Being born and raised in New York City is something to be proud of. From the city that never sleeps and one of the largest cities in the world, New Yorkers can often take NYC for granted resulting in many negative stereotypes against us. We’re described as rude and how we walk super fast with no regards to other pedestrians. (I mean…it’s rush hour and I’m trying to get home.)
So…what does it necessarily mean to be a New Yorker?
1. You’ve never been to the Statue of Liberty.
The Statue of Liberty represents freedom and hope- at least that’s what the approximate 12 million immigrants who came to the United States through Ellis Island during the late 1800s-early 1900s believed. But what do current New Yorkers believe? We believe that the Statue of Liberty will always be there, so we can visit it whenever. We also don’t feel like taking a ferry to get there, but we’ll probably go to a boat party and take pictures of the statue from there. Besides, we probably already passed the statue during our high school prom which most likely took place on a boat.
2. You’ve never went to Times Square to watch the ball drop on New Year’s Eve.
“Ball drop?! I’m going to spend NYE with my family and/or friends and then I’m going clubbing after,” is pretty much what true New Yorkers think when New Year’s Eve is approaching. It’s way too cold and crowded for us to bring in the new year in Times Square. We want to have a few cocktails and be in our sparkly outfits on NYE…so Times Square? Yeah, you’re not an option for us.
3. You are determined to get to your destination as fast as you can, even if that means pushing people.
Especially if you’re just getting out the subway or walking around downtown Manhattan during rush hour- oh boy. It’s like you almost have to prepare yourself for a war to be able to walk in these mean streets. I’ve had an older lady (looked like she was in her late 50s) literally extend her arm and purposely push me out the way. Of course I didn’t retaliate- not because she was old, but because the train doors closed right after. When you’re in a rush and there’s nothing but slow people in your way, it’s safe to say you’re bound to bump into a few people and probably get a few death stares. If they’re from NY, they’ll understand why.
4. The words “deadass” and “facts” are in your daily vocabulary.
“I can’t believe that just happened, like deadass?” “facts.” Us New Yorkers use the word “deadass” as a confirmation or a question waiting for a confirmation; we use “facts” when someone hits us with the truth and we have to agree. Check out Donald Trump in last week’s presidential debate- he hit us with the “facts” after being in Hempstead for a few hours. Too bad he’s actually deadass about running for president.
5. Hearing “Ladies and gentlemen, we are being held momentarily by the train’s dispatcher” while riding a MTA subway drives you insane.
Let’s be real here- although the Metrocard fares have gone up within the past few years, you’re pretty much paying $2.75 to travel within all 5 boroughs. So in reality, you get what you pay for. But when time is money, the MTA can be really frustrating to deal with. I remember many times where I was in a rush to get somewhere and the subway was continuously “held momentarily by the train’s dispatcher” and I was freaked out internally. You can also see everyone else’s pokerface when they hear this message- not something you want to go through when you have somewhere to be at a certain time.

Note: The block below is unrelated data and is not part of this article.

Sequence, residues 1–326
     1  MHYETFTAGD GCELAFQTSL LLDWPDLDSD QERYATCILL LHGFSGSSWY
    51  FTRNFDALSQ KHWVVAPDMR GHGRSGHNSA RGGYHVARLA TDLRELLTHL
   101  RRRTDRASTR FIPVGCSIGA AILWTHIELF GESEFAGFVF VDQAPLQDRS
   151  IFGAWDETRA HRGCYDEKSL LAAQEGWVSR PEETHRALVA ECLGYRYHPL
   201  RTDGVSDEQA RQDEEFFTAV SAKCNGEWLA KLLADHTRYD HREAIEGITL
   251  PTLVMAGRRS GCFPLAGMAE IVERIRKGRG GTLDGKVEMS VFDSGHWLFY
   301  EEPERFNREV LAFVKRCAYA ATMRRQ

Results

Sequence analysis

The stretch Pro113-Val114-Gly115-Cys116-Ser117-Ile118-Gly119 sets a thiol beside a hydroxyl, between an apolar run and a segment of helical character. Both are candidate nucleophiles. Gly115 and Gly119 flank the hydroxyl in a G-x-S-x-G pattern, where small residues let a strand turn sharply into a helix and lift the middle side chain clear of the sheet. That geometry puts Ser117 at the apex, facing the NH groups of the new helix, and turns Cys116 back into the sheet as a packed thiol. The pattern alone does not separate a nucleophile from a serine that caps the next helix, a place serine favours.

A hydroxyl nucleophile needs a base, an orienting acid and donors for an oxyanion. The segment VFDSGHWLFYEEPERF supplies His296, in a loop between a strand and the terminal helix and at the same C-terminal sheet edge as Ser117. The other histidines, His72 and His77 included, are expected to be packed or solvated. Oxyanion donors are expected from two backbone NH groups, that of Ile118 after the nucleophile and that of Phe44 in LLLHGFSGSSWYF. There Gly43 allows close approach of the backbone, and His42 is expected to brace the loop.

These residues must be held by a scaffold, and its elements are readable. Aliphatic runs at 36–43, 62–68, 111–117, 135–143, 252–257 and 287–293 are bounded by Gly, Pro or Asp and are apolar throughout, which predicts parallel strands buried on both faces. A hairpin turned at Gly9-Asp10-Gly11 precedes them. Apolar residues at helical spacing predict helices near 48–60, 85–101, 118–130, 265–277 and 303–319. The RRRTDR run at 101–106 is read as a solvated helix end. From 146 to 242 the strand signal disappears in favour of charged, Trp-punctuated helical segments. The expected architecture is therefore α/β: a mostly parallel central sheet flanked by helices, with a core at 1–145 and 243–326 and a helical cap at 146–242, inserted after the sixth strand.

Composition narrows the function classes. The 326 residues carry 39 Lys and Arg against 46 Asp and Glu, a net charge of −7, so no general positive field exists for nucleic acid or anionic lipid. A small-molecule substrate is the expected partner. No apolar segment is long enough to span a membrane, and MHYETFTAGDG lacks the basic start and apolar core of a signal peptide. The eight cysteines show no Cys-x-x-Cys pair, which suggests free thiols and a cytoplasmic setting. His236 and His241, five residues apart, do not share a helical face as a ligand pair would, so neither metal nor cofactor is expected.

6. Hearing “Showtime!” on the train is your cue to plug in your earphones.
“Of course we appreciate you showing us your cool dance moves, but we’re trying to get from point A to point B in the most peaceful way possible. We’ll probably donate a dollar or two, but please don’t get too close as you might kick me in the face.” -New Yorkers as train passengers. An MTA campaign recently directed a message to subway dancers which reads, “Poles Are For Your Safety, Not Your Latest Routine. Hold the pole, not our attention. A subway car is no place for showtime.” Obviously this message is not taken seriously because we still see subway dancers during our commutes. We’ll be fine, though. These performances usually last from one stop to the next. Let’s just hope you don’t encounter subway dancers on the A train on 125th street…59th street is so close, yet so far away…
7. As much as you complain about New York City, it will always be home.
New York City is the second largest city in the world, following Tokyo. If you ask me, I feel very blessed to be from here. Despite the rude people, the annoying tourists, the rats, the inconvenient train changes and the harsh weather during the winter, we often take our city for granted. We have so many resources that we are not aware of because we are too stuck in our own ways. There are also lot of things to do for free in NYC, for those who think it’s completely unaffordable. I’ve deadass been able to survive and have lots of fun while being on a budget. Lastly, there’s nothing more beautiful and breathtaking than reaching NYC on a plane at night and seeing all the beautiful lights. Man, I love my city and that’s nothing but facts.